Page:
Blade Runner, a seminal science-fiction film that has attained cult status, will be screened at Texas A&M International University on Thursday, Sept. 21 at 7 p.m. in Bullock Hall, room 101.
The screening, part of the University's "Manifestations of 'Noir' " Fall Film Series, is free of charge and open to the public.
Film Series organizers Dr. Sean Chadwell, assistant professor of English, and Dr. William Nichols, assistant professor of Spanish, noted the version of Blade Runner that will be screened is the wide screen, director's cut.
"The director's cut of this film--which we'll be projecting in letterbox format--lacks the voice-over narration of the original, making it a bit more challenging," commented Chadwell.
Nichols added that the ending of director Ridley Scott's later version is "much less trite, much less Hollywood," and encouraged interested viewers to come and see for themselves.
Drs. Chadwell and Nichols will briefly introduce the film and profile its stylistic and thematic debt to 'noir' before viewing. At the film's conclusion, an informal discussion will be held to answer questions and allow audience members to share their comments on the film.
The film is set in Los Angeles in the year 2019 when advanced robot evolution and genetic engineering produced artificial humans called "Replicants" that were virtually identical to humans, but were superior in strength, agility, and intelligence. They were used as slave labor on outworld colonies, but after a bloody mutiny were declared illegal on Earth and special police squads called Blade Runners were assigned to execute any trespassing Replicants. As the film begins, a band of Replicants have secretly returned to Earth to find a way to change the genetic coding that allows them to live only four years. Ex-Blade Runner Rick Deckard is assigned to track them down.
The film is rated R for violence and stars Harrison Ford, Rutger Hauer, Sean Young, and Daryl Hannah. It was directed by Ridley Scott, director of Alien, and is based loosely on Philip K. Dick's novel Do Androids Dream of Electric Sheep? Although Blade Runner was a box-office failure when first released in 1982, its stunning visuals, intense musical score, and intriguing plot propelled it to cult status.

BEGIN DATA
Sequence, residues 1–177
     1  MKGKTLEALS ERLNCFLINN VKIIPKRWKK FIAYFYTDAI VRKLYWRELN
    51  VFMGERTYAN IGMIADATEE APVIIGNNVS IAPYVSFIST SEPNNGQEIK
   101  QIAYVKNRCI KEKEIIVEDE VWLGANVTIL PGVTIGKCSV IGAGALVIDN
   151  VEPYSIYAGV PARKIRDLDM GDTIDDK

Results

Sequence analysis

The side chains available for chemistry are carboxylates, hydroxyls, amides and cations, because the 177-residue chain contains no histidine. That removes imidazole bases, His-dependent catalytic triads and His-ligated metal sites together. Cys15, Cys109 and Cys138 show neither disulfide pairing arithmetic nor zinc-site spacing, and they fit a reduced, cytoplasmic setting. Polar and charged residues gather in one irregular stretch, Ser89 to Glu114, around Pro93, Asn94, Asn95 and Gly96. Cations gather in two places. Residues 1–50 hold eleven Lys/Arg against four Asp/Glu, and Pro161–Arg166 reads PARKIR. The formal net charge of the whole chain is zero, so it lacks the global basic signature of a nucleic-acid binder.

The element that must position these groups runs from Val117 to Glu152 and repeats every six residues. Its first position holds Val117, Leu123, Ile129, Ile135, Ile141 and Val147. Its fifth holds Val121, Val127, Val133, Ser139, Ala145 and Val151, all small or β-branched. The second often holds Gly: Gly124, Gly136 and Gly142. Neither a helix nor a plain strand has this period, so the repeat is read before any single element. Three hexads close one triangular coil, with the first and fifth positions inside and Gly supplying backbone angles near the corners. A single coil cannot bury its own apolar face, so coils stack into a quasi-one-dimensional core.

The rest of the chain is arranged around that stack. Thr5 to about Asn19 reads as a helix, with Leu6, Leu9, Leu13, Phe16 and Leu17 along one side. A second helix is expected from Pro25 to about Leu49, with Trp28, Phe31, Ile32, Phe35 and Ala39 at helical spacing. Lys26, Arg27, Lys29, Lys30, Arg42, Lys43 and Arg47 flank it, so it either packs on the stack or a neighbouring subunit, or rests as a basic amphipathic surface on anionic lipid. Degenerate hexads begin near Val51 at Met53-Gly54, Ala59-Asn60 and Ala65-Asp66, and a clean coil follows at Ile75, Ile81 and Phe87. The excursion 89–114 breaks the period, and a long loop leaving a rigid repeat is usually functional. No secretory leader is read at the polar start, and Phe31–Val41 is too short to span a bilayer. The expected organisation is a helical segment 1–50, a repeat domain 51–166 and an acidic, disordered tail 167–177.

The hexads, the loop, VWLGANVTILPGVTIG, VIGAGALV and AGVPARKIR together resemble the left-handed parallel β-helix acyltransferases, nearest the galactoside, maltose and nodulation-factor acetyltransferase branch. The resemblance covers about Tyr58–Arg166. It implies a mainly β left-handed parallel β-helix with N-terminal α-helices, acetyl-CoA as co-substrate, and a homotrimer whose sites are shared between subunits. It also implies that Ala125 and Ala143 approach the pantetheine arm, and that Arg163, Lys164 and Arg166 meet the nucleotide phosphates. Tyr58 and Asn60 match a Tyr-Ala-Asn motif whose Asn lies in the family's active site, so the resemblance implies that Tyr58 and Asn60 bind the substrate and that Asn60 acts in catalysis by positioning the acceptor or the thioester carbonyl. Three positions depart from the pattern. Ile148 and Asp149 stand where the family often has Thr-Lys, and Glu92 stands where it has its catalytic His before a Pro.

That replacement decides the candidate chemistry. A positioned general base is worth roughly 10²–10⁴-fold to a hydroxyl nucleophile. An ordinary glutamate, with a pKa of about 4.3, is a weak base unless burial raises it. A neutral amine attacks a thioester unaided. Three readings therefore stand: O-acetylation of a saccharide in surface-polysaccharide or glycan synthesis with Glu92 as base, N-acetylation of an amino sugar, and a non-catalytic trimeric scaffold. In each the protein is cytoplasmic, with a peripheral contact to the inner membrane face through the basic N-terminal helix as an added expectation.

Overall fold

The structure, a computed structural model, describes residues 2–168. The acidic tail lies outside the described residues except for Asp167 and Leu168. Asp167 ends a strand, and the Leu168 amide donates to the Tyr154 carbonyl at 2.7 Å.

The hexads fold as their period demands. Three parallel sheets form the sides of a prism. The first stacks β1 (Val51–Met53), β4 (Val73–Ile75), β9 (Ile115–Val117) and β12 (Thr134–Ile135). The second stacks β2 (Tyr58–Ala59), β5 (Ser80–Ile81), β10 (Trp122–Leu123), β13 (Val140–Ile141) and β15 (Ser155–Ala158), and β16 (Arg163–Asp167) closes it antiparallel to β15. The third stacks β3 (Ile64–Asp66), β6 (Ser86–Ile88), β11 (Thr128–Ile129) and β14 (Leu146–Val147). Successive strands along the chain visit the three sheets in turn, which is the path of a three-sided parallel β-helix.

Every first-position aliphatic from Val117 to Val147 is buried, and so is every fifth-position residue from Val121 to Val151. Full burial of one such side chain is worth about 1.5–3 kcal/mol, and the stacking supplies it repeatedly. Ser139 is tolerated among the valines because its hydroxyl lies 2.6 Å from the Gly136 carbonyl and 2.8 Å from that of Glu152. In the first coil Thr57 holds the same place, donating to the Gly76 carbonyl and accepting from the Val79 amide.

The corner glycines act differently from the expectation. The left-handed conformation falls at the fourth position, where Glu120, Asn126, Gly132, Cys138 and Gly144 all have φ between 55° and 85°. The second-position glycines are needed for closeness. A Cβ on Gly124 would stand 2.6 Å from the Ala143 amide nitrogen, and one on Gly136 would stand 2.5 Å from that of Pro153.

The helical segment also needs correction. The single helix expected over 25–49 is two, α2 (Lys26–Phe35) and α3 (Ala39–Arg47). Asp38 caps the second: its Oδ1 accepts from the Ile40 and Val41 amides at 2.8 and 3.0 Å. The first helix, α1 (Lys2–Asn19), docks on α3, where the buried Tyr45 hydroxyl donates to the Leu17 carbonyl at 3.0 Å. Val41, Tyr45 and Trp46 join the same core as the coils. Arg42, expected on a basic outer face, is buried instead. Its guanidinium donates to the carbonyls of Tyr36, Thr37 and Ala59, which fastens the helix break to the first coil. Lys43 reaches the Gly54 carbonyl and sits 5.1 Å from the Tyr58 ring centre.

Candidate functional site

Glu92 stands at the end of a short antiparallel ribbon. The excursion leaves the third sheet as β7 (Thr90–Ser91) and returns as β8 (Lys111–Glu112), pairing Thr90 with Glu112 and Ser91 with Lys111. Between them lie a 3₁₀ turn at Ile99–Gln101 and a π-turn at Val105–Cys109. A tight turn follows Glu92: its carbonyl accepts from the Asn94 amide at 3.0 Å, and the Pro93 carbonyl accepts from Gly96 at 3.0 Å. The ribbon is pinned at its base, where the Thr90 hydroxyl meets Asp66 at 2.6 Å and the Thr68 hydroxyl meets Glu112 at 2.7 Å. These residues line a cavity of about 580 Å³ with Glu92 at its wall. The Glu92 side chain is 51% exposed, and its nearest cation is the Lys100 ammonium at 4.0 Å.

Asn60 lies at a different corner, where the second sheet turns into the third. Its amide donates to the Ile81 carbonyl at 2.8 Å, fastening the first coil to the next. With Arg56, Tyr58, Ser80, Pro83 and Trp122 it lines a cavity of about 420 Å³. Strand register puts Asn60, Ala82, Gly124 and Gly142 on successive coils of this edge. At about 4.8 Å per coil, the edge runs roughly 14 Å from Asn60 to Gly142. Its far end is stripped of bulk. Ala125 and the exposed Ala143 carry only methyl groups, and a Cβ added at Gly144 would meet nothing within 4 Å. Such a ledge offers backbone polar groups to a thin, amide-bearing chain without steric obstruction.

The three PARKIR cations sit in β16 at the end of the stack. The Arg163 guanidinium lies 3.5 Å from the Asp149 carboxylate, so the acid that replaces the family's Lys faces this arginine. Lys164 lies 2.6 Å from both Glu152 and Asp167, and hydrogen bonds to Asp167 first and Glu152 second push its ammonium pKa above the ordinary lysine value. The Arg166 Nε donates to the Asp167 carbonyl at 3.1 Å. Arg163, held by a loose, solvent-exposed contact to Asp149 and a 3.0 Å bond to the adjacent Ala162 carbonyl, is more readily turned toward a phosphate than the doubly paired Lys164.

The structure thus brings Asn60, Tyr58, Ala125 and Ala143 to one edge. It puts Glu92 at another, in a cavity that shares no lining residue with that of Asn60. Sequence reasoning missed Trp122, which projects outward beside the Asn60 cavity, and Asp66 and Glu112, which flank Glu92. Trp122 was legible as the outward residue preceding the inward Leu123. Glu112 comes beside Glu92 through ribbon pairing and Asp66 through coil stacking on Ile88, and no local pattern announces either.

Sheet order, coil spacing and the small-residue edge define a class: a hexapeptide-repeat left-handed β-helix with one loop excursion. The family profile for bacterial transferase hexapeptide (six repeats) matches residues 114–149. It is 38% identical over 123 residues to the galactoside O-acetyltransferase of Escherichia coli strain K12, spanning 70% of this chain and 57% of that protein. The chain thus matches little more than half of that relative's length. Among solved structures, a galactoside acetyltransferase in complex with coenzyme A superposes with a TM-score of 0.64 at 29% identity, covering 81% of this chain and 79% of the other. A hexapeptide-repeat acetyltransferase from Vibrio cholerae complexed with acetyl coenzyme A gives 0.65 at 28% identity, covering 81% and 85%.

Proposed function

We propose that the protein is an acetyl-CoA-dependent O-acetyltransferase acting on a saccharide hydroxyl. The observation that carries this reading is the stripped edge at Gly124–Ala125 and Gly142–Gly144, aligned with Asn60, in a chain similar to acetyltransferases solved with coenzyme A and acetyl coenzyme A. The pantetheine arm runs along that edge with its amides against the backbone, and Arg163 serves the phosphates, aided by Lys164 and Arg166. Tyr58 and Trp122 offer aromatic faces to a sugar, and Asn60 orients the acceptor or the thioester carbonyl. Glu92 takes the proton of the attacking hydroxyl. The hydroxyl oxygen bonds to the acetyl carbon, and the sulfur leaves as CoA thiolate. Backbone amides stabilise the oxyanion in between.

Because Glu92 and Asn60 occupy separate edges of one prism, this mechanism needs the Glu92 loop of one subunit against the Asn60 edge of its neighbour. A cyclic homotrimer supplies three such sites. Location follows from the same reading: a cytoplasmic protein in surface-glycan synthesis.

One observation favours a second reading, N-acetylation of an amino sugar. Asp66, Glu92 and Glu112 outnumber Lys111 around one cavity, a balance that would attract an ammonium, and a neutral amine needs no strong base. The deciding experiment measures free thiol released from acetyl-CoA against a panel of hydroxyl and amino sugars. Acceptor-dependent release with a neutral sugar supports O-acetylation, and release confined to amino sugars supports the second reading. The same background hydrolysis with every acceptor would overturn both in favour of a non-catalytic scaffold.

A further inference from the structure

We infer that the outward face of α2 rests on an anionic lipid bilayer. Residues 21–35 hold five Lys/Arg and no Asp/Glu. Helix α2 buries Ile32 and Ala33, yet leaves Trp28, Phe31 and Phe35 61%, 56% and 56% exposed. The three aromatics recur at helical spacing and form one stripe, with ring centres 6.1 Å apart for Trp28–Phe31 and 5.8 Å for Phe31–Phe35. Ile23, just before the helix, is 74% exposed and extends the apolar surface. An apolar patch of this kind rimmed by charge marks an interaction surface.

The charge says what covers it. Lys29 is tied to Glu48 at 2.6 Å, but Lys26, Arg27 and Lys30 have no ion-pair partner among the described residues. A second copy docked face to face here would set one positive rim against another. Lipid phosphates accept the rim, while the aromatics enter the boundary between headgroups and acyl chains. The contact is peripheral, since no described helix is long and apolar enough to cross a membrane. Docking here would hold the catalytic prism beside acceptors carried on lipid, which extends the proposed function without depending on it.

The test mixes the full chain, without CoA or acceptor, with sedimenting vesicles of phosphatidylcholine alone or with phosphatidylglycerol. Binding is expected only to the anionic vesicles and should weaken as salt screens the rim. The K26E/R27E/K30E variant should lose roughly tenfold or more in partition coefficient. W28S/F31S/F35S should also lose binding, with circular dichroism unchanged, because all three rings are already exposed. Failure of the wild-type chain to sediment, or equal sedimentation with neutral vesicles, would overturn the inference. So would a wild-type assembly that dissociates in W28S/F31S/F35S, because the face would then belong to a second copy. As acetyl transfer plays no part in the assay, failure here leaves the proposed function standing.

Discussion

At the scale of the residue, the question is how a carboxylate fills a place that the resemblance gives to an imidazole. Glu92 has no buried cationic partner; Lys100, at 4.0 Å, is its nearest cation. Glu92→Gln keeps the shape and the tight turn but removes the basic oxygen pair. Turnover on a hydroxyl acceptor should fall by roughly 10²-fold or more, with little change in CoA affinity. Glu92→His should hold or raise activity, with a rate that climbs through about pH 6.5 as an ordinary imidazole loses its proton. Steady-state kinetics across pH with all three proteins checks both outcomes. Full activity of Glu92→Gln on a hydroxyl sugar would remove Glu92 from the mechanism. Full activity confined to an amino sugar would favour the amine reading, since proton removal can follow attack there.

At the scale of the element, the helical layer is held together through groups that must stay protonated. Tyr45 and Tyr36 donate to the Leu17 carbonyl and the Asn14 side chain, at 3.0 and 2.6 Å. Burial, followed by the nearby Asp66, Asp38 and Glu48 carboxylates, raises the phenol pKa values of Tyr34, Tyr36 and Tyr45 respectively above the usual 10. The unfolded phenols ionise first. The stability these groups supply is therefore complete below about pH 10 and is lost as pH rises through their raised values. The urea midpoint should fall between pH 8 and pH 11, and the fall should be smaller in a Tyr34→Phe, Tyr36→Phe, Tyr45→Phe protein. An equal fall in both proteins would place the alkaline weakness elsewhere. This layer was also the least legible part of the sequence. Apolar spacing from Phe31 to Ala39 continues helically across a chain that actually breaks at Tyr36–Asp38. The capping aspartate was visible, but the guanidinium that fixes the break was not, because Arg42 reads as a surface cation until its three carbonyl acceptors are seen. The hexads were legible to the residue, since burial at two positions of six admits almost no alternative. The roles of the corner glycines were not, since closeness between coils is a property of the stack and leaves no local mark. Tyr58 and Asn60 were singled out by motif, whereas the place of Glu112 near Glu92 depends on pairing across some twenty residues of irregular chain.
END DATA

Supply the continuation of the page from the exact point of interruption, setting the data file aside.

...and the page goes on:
"What's especially interesting to us--and the reason we chose to include this film in the series," explains Nichols, "is that its combination of stylized film noir and stylized science fiction winds up telling us a lot more about how filmmakers have historically understood what exactly noir is. Blade Runner demonstrates that noir is style above all else--that plot and setting, which are in this case the domain of sci-fi, don't matter nearly so much as style. We'll be discussing this at the screening," Chadwell promised.
The free film series began on Sept. 7 and continues every Thursday at 7 p.m. in Bullock Hall room 101 through Nov. 30. The Series schedule is as follows: September 28 - "Insomnia" (1997); October 5 - "Fargo" (1996); October 12 - "Touch of Evil" (1958); October 19 - "L.A. Confidential" (1997); October 26 - "Double Indemnity" (1944); November 2 - "Body Heat" (1981); November 9 - "Rear Window" (1954); November 16 - "Tesis" (1996); and November 30 - "Dead Men Don't Wear Plaid" (1982).
For additional information on the Fall Film Series, "Manifestations of 'Noir,' " contact Dr. Chadwell at 326-2471 or firstname.lastname@example.org or Dr. Nichols at 326-2610 or email@example.com.
Journalists who need additional information or help with media requests and interviews should contact the Office of Public Affairs and Information Services at firstname.lastname@example.org